They say Eyes are the the window to the soul, so it’s no wonder that one of my most frequently asked question is: “How do I edit the eyes in my dog photos?”. In this post, we’re going to look at a few tips, tricks and techniques for editing the eyes for your next pet photoshoot! 

I’ll be using Adobe Lightroom and Photoshop, but you can use whatever software you have. Most of them will have exactly the same tools. 

So, with that being said, let’s get to tip #1, which is…

Top Tips

Shoot in RAW

Hold up, Em, isn’t this a blog about editing eyes? Why are we talking about file formats? 

When you shoot in RAW, your camera records ALL the available data from the scene. This means even if your subject has really dark eyes, or you have to underexpose, you can bring out way more detail from the eyes than you could if you’d taken the photo in .jpeg. 

If you want maximum control and flexibility over your editing, you really need to be taking the photos in RAW.

Understand how eyes work

“I know how eyes work, you use them to see with.”

Sure, but one of the main issues I see with people struggling to edit eyes, is that they lose the structure of the eye. 

Each photographed eye is (usually) made up of three parts:

  • the pupil, which should be dark, if not completely black.
  • the iris, which is the coloured part wrapping around the pupil
  • the catchlight, which is the eye’s reflection of whatever light was hitting the dog’s eye at the time. A small or far away light-source (like the sun, or a very small gap in the canopy of trees) will create a small catchlight. Larger areas (like open snowy fields) will create larger catchlights, or sometimes even two catchlights (not so pretty!)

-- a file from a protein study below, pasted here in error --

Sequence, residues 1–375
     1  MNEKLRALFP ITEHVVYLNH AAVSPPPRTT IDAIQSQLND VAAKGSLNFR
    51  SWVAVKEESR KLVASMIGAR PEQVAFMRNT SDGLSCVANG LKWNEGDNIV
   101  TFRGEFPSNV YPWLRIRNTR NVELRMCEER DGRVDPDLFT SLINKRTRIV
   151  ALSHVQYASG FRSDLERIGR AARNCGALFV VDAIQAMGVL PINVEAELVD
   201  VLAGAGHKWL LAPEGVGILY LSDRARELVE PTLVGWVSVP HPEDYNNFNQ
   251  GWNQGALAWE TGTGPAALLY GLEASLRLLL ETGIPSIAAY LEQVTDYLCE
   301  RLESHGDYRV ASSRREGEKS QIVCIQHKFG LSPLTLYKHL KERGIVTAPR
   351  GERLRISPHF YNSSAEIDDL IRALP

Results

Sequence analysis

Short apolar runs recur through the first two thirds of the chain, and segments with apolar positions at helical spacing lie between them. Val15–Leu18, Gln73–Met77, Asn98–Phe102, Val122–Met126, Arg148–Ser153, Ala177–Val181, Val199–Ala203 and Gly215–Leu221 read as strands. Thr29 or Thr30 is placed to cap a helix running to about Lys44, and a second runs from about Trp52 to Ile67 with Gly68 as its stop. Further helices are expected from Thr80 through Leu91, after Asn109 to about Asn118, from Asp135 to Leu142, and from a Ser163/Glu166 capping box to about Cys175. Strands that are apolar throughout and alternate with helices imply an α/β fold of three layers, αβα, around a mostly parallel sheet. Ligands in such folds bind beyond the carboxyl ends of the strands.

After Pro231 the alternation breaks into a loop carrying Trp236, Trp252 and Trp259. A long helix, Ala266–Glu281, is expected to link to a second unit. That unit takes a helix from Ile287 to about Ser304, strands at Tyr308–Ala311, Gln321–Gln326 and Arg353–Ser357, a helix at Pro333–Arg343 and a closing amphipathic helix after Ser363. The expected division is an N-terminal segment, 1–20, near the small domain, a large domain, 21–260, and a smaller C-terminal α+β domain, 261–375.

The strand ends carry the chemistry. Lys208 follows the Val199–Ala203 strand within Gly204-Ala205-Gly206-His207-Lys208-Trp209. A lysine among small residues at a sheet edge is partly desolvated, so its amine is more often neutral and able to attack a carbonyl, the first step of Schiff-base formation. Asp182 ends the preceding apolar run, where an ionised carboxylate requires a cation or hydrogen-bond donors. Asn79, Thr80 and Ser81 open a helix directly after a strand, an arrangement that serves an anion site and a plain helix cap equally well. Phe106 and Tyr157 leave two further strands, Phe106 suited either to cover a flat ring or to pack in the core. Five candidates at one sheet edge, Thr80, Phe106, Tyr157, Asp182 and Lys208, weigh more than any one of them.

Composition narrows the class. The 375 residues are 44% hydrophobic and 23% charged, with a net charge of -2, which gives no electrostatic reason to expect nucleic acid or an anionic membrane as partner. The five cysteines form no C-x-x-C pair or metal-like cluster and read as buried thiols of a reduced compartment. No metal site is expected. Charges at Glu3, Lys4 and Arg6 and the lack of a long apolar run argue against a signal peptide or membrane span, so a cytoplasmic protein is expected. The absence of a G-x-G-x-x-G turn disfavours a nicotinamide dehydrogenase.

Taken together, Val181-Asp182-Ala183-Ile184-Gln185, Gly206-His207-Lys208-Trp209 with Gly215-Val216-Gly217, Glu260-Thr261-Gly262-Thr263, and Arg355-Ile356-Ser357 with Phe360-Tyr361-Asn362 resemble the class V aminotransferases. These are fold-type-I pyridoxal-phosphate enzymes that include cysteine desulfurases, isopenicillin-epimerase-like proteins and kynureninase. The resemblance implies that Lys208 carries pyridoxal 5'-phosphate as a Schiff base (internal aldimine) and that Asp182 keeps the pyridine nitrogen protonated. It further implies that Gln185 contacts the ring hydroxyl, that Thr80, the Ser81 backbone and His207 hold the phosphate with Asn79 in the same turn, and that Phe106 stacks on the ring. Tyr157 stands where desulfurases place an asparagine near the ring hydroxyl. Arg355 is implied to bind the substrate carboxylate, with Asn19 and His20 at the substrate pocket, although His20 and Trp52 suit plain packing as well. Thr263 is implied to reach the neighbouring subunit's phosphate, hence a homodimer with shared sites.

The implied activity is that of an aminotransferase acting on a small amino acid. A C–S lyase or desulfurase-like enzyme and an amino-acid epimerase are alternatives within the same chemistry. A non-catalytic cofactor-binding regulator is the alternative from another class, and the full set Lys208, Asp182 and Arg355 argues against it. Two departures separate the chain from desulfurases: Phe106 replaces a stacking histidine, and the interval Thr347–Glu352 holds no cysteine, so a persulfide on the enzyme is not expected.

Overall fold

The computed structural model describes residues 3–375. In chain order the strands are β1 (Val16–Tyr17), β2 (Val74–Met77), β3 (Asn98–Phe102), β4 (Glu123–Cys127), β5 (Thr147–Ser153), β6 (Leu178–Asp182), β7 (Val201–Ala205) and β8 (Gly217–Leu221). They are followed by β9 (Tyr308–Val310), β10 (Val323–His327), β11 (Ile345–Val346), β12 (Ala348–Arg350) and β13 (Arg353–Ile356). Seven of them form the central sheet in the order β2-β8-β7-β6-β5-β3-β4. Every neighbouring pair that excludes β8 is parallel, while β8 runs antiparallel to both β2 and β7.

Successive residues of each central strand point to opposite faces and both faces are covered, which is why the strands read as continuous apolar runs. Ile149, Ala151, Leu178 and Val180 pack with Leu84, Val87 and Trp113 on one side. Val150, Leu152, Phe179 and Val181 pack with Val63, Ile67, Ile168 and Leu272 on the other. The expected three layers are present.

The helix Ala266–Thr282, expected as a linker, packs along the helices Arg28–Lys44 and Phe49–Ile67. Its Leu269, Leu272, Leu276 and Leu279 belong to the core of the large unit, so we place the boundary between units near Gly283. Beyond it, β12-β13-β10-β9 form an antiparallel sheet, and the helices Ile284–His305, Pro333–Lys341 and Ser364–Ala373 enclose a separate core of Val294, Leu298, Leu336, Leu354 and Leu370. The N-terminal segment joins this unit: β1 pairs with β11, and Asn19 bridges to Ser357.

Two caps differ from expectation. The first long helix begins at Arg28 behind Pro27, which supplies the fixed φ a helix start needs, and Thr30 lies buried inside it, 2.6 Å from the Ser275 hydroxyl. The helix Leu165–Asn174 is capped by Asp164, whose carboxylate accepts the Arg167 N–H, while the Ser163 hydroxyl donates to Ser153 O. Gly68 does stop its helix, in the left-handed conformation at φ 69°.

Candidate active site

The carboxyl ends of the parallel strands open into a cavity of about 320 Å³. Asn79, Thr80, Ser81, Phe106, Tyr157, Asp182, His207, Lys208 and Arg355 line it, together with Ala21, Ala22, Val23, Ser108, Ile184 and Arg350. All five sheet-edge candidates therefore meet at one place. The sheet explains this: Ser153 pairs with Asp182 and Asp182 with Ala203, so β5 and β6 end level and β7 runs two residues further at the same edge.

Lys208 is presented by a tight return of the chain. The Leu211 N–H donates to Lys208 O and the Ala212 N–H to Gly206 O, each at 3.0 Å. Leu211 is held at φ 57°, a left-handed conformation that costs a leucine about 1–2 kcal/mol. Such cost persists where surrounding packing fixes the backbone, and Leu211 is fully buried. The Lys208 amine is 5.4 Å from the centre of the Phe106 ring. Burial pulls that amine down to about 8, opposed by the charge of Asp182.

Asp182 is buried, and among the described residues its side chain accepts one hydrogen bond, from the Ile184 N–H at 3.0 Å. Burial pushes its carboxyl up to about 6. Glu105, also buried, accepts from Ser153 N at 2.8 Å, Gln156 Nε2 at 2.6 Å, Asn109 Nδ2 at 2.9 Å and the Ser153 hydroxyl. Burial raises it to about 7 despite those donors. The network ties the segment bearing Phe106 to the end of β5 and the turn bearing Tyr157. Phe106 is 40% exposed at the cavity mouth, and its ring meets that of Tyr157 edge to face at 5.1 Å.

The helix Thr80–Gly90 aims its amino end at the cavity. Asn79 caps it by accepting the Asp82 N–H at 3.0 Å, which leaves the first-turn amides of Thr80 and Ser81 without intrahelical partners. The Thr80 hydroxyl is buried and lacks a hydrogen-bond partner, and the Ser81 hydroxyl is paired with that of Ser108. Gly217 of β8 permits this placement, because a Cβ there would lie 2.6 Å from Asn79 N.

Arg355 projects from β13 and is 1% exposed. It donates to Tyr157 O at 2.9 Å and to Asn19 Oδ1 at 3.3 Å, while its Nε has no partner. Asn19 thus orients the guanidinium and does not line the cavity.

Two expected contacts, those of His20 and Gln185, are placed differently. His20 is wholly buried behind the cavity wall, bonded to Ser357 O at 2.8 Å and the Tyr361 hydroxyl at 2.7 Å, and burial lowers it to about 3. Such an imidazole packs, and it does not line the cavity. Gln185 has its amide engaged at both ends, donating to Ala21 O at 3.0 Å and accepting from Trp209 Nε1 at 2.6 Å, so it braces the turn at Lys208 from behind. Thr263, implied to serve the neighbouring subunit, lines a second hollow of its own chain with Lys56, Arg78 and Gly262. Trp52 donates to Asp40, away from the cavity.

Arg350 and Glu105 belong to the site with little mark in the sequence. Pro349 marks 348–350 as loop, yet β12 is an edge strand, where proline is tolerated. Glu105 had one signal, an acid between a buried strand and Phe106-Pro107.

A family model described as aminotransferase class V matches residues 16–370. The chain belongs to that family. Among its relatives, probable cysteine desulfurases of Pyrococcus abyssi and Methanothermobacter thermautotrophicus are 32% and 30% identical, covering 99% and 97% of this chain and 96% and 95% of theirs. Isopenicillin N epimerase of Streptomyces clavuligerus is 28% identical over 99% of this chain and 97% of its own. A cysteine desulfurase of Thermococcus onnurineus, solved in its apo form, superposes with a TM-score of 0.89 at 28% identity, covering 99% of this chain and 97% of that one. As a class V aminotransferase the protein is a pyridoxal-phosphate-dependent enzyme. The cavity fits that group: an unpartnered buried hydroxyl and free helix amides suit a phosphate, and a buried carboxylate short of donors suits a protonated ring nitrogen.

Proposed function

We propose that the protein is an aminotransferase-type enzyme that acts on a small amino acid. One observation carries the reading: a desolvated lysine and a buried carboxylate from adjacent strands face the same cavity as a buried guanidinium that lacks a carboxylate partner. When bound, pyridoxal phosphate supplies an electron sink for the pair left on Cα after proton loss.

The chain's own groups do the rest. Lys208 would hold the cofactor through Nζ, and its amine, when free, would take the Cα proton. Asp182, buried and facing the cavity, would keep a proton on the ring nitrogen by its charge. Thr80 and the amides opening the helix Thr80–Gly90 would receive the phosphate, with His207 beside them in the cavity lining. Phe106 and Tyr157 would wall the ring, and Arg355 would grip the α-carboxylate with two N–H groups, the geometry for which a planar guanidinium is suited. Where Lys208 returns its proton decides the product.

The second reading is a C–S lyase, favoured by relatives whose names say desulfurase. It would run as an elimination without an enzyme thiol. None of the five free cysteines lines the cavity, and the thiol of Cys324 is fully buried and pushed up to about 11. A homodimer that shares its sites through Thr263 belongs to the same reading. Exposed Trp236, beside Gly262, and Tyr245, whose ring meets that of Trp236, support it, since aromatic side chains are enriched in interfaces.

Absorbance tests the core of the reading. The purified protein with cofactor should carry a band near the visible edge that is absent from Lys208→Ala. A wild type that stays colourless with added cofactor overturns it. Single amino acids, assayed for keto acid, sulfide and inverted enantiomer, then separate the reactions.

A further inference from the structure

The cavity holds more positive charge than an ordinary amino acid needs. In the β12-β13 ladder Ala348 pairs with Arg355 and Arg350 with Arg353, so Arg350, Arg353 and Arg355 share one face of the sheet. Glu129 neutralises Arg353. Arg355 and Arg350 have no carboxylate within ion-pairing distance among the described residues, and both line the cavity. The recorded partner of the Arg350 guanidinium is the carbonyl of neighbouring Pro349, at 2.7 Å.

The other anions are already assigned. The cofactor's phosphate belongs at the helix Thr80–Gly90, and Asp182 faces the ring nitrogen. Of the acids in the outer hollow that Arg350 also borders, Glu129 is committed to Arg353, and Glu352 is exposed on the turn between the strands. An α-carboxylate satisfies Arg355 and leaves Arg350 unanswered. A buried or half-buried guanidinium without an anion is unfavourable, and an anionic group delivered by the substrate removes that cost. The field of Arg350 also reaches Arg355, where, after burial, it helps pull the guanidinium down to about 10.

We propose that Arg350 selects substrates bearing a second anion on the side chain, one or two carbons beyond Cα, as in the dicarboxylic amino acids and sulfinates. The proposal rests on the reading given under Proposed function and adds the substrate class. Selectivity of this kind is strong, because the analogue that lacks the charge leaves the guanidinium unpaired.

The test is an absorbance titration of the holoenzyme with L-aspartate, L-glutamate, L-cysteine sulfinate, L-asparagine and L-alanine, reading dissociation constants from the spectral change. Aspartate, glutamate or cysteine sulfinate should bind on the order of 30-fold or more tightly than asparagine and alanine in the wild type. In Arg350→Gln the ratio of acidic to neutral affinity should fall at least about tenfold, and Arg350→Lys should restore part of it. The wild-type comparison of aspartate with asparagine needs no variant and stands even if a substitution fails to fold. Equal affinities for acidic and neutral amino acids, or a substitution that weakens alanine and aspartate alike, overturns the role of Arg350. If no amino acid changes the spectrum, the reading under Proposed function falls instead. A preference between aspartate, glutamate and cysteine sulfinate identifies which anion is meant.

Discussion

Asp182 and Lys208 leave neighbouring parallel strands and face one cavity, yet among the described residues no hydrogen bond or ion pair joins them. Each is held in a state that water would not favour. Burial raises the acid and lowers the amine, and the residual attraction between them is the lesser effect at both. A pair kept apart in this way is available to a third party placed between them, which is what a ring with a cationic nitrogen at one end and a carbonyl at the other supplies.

• Catchlights are very important in pet photography. Nice bright catchlights can make your dog look alert and bright-eyed… a lack of catchlights can often make them look a bit dull, sleepy, or disinterested.
A photo of a man cuddling a dog in the dark forest, the dog has dark eyes
This is a photo from Pexels.com so it's not one that I've taken. The photo is quite sweet, but the dog's eyes are completely dark. We can't see any part of them. A catch-light at least would get a bit of light and brightness into the eyes, making the dog look more alert and awake.

Often, pet photographers are terrified of having the eyes of their subject be too dark. So, they brighten the whole thing, including the pupil. Now the eye looks hazy, or demonic, or just a bit strange.

Check out the examples below. These photos were taken at a Christmas market with lots of very strange light bouncing around everywhere. This caused some funky reflections in Loki’s pupil, and since they were taken at ISO 5000, everything is a little strange.